Pradaxa Side Effects May Increase Infection Risk: Study
New research suggests that side effects of Pradaxa, a relatively new anticoagulant, may leave users more vulnerable to viral infections, including one that is often fatal for children and young adults.
Researchers from the University of North Carolina report that the blood thinner Pradaxa, which inhibits a key part of the blood clotting system known as thrombin, may also inhibit the immune system.
Experiments on mice found that those given Pradaxa increased the amount of virus that found its way to the heart. A viral infection of the heart is known as myocarditis, and the researchers say it is a significant cause of sudden death among children and young adults.
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Researchers believe that Pradaxa use could increase the risk of the flu and other viral infections as well.
Thrombin is Part of Body’s Defense Against Viruses
According to the researchers, coagulation, or blood clotting, is one of the first responses of the immune system. Researchers have always known that one part of that system, fibrin, was key in activating the immune system when the body detected a bacterial infection, which is why clotting is important at wound sites. However, the University of North Carolina researchers indicate that it appears thrombin, which is targeted by Pradaxa, is crucial in activating the immune systems defenses against viral infections, which are different from bacterial infections.
“Pradaxa inhibits clot formation by reducing fibrin deposition and platelet aggregation,” said Dr. Nigel Mackman, the lead researcher. “Importantly, Pradaxa might not only facilitate significant lifesaving effects in reducing cardiac death but may also interfere with other processes in the body.”
Mackman said study still needs to be done on whether warfarin, an older blood thinner Pradaxa was designed to replace, has any similar effects on the immune system or whether this is something specific to Pradaxa.
Pradaxa Bleeding Problems
Pradaxa (dabigatran) was introduced by drug maker Boehringer Ingelheim in October 2010, as a superior alternative to warfarin, more commonly known under the brand-name Coumadin, which has been the go-to anticoagulant treatment for decades.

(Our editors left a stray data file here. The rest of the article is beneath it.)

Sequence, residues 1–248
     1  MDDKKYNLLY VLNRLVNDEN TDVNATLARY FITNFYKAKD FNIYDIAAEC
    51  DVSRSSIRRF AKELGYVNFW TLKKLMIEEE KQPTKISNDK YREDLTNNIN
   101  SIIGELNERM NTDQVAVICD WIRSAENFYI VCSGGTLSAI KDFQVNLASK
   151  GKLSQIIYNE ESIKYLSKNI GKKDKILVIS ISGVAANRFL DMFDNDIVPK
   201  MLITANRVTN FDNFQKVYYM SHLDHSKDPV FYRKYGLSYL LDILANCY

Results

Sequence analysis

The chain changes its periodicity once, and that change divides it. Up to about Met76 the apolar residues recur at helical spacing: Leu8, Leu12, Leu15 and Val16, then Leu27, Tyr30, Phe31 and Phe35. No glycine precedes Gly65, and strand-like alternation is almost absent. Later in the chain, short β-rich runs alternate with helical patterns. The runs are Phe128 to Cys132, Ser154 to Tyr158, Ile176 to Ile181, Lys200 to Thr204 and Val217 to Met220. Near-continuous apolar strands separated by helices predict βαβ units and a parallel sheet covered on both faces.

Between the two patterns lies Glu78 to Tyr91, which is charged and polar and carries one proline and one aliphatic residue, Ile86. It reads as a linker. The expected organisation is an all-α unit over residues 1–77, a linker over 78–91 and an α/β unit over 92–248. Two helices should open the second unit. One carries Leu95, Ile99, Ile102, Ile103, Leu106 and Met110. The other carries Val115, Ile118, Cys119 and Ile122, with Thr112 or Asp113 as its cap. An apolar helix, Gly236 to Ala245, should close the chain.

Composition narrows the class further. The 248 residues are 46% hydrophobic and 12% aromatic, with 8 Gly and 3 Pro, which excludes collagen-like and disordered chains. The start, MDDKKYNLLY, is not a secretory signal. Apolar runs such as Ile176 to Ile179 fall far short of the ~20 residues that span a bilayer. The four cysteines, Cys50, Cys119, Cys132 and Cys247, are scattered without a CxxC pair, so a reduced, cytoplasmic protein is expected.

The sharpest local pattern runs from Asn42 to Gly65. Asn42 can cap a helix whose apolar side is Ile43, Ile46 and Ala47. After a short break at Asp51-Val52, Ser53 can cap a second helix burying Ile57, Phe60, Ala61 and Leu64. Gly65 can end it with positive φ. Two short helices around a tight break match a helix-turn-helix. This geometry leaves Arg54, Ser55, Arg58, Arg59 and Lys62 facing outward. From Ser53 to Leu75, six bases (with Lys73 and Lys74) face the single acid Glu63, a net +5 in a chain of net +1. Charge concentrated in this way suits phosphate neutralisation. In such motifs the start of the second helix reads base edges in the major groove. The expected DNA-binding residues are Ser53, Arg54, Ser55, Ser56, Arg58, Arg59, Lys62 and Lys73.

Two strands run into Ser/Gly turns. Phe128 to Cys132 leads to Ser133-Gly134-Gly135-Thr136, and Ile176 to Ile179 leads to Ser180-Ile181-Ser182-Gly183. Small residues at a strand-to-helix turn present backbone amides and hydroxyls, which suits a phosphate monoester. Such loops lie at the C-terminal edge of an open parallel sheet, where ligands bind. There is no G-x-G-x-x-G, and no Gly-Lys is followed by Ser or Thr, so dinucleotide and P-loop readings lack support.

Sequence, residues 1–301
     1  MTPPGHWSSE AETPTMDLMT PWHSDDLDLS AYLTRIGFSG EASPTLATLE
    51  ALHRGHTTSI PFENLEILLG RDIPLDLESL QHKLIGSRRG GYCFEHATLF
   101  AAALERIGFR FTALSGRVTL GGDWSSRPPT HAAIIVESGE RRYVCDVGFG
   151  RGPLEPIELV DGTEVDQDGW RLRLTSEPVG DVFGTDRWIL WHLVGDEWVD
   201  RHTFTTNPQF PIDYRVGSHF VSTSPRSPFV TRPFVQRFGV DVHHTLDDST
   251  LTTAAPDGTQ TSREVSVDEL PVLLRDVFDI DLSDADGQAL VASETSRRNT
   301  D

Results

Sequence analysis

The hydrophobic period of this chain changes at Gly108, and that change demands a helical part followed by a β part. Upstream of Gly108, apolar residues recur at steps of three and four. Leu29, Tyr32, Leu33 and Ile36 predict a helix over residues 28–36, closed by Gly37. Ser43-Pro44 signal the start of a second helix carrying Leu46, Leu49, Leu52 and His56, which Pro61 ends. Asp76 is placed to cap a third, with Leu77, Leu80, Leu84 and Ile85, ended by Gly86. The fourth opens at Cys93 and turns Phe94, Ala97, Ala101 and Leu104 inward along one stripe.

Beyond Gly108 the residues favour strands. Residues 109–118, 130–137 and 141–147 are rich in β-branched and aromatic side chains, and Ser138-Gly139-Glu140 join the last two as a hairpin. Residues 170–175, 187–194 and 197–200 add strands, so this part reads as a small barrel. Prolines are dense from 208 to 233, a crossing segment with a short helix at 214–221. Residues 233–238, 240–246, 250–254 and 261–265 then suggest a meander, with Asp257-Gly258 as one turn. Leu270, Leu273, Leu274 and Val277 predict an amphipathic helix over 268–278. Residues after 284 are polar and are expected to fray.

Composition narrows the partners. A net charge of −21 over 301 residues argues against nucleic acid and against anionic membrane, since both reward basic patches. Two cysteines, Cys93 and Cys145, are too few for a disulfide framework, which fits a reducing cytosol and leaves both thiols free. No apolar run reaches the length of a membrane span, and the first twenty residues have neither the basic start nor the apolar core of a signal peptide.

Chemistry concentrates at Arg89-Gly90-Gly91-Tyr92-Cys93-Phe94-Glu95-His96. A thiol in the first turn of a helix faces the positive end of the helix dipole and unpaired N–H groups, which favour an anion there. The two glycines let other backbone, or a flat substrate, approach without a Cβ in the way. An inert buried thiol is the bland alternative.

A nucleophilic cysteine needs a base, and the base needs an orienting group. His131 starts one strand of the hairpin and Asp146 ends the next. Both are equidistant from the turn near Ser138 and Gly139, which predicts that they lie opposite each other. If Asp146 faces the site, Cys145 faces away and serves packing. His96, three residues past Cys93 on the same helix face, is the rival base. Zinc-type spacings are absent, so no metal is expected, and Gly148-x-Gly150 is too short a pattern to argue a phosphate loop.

Concerns have surrounded the safety of Pradaxa since it was introduced, primarily involving a spike in reports of severe and uncontrollable bleeding associated with the medication.
During 2011, the first full year the drug was on the market, the Institute for Safe Medication Practices (ISMP) found that adverse event reports involving problems with Pradaxa surpassed all other medications regularly monitored by the group. The FDA received at least 3,781 reports involving serious injuries associated with the use of Pradaxa during 2011, including 2,367 reports of hemorrhage and 542 patient deaths.
About 200 Pradaxa bleeding lawsuits have been filed against Boehringer Ingelheim, alleging that the drug maker failed to adequately warn about the risk of serious or fatal health problems and the lack of a reversal agent to stop bleeding problems that may develop.
While warfarin has a reversal agent, vitamin K, that counters its effects rapidly in case of uncontrolled bleeding. Pradaxa has no such antidote, which many doctors say makes it more difficult to stop Pradaxa bleeding events.
In the federal court system, the Pradaxa litigation is centralized before U.S. District Judge David R. Herndon as part of an MDL, or multidistrict litigation. A case management plan has been established where a handful of cases are being prepared for early trial dates, which are expected to go to trial in August 2014. Judge Herndon has also ordered the parties to meet every month starting in August 2013, to discuss potential Pradaxa settlement agreements.
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